The Parousia in the Scriptures
The Greek word “parousia” in the Scriptures means presence, an arrival and a consequent presence with. This event is presented in the New Testament as something that would take place during the generation of those to whom Jesus of Nazareth spoke. In this Learning Activity we will be looking at some of the scriptures that provide a connection to this event.
1. Matthew 3:7
2. In the verse above, what does John the Baptist say is coming upon the Pharisees and Saducces?
In Matthew 10:6–8, Jesus tells the twelve (see verse five) to preach the kingdom. As a part of that overall message He says:
3. Matthew 10:23
4. In the verse above, what does Jesus say about His coming (Parousia)?
5. Matthew 16:28
6. In the verse above, when does Jesus say His coming (Parousia) would take place?
In Luke chapter twenty-one starting with verse five and continuing through verse thirty-six, Jesus describes the destruction of Jerusalem, the Temple and His soon to take place Parousia. After describing how the Temple stones will be thrown down in verse six, He goes on in verse twenty to say “And when ye [those to whom He was speaking at that moment] shall see Jerusalem compassed with armies [the Roman armies], know that the desolation [of the city and the Temple] is nigh.” In verse twenty-two He calls this time “the days of vengeance” and in verse twenty-three “there shall be great distress in the land, and wrath upon this people.” There could not be a clearer warning to the people by Jesus of the coming judgment.
7. Read John 16:16–19.
8. What is Jesus of Nazareth saying to His disciples in the above scripture?
9. Matthew 24:34
10. According to the three verses above, when would all of the prophesies, including the Parousia of Christ, take place?
11. Read Mark 13:32–37.
12. What message does Jesus give to His disciples in the above scripture?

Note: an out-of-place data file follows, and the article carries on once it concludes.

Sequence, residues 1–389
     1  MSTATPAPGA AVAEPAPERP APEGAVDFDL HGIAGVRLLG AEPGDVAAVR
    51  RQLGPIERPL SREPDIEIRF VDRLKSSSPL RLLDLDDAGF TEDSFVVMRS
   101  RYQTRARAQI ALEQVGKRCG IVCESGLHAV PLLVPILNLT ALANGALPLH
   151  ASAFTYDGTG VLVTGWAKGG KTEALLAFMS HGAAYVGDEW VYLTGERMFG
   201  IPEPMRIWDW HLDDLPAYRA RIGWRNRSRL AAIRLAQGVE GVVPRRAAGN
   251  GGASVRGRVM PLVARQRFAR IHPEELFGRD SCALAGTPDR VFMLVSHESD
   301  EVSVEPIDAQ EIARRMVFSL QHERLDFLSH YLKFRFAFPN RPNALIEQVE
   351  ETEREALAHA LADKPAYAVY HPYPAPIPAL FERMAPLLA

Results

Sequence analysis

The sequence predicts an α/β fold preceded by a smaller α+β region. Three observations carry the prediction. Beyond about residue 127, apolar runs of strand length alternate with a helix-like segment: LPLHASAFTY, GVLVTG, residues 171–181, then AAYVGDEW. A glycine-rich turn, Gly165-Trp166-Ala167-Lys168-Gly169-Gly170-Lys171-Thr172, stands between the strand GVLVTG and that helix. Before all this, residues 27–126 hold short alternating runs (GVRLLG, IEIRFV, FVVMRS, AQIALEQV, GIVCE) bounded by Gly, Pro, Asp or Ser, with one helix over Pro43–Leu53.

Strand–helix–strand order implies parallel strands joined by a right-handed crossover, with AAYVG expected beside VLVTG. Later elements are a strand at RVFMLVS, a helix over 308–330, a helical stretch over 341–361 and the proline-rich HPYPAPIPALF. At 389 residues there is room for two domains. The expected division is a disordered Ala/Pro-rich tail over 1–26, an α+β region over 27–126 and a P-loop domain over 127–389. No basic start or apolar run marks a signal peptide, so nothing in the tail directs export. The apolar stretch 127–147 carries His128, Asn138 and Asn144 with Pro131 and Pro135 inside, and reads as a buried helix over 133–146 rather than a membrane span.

13. Revelation 3:11
14. What message is given about the Parousia of Christ in the three verses above?
15. John 21:22
16. In the verse above, which takes place AFTER the resurrection of Christ, Jesus is speaking to Peter about John (the disciple whom Jesus loved – see verse twenty). What did Jesus tell Peter about John?
If we honestly examine the preceding passages we are forced to make one of four decisions:
a. Jesus was confused Himself about future events.
b. Jesus deliberately misled those to whom He spoke.
c. Jesus lied to those to whom He spoke.
d. Jesus told the truth and He did come back again just as He said He would during the generation to whom He was speaking!
Which of the above do you think is correct?
It appears to the author of this web site that the only view that is compatible with the Christian faith is (d) above. The Parousia was the glorious appearing of our Lord Jesus Christ to abolish the Mosaic dispensation (the Old Covenant), execute judgment on the guilty nation of Israel, and receive His faithful people into His spiritual heavenly kingdom and glory.
If we assume that the Parousia has not yet taken place as some Christians do, then the writers of the Bible and Jesus Himself cherished a vain hope and lived in the belief of a delusion. If the writers were mistaken in regard to the Parousia, one of the most confident and cherished of their convictions, how can we have any reliance on any of the other issues to which they speak in the sacred Scriptures?
These scriptures tell us that a significant eschatological event was to take place in the lifetime of those who had heard and made these statements! Jesus, and the other writers meant exactly what they said and what they said did take place exactly as they said it would in AD 70 when Titus and the Roman army marched on the city of Jerusalem and leveled it to the ground. This action not only destroyed the city but also the Temple which was the center of the Jewish religious system and ended the Old Covenant.
There are other documented sources that help to confirm the understanding of the past historical return (presence, parousia) of Christ. St. Chrysostom (AD 347–407), makes the following statement in his writing, St. Chrysostom’s Liturgy.
“Having in remembrance, therefore, this saving commandment and all those things which have come to pass for us: the Cross, the Grave, the Resurection on the third day, the Ascension into heaven, the Sitting at the right hand, and the second and glorious Coming.”
You can see from this writing that St. Chrysostom believed that “…the second and glorious Coming” had already taken place prior to his writing his material.
Adam Clarke wrote a commentary in 1837 in which he gives the following narrative on Matthew 24. “It may be asked, to whom, and to what event does it relate?…to the destruction of Jerusalem and the Jewish polity; which in the Gospel is called the coming of Christ and the days of vengeance, Matthew 16:28; Luke 21:22.”
Much of Christianity is still waiting for a physical return when it all took place spiritually!
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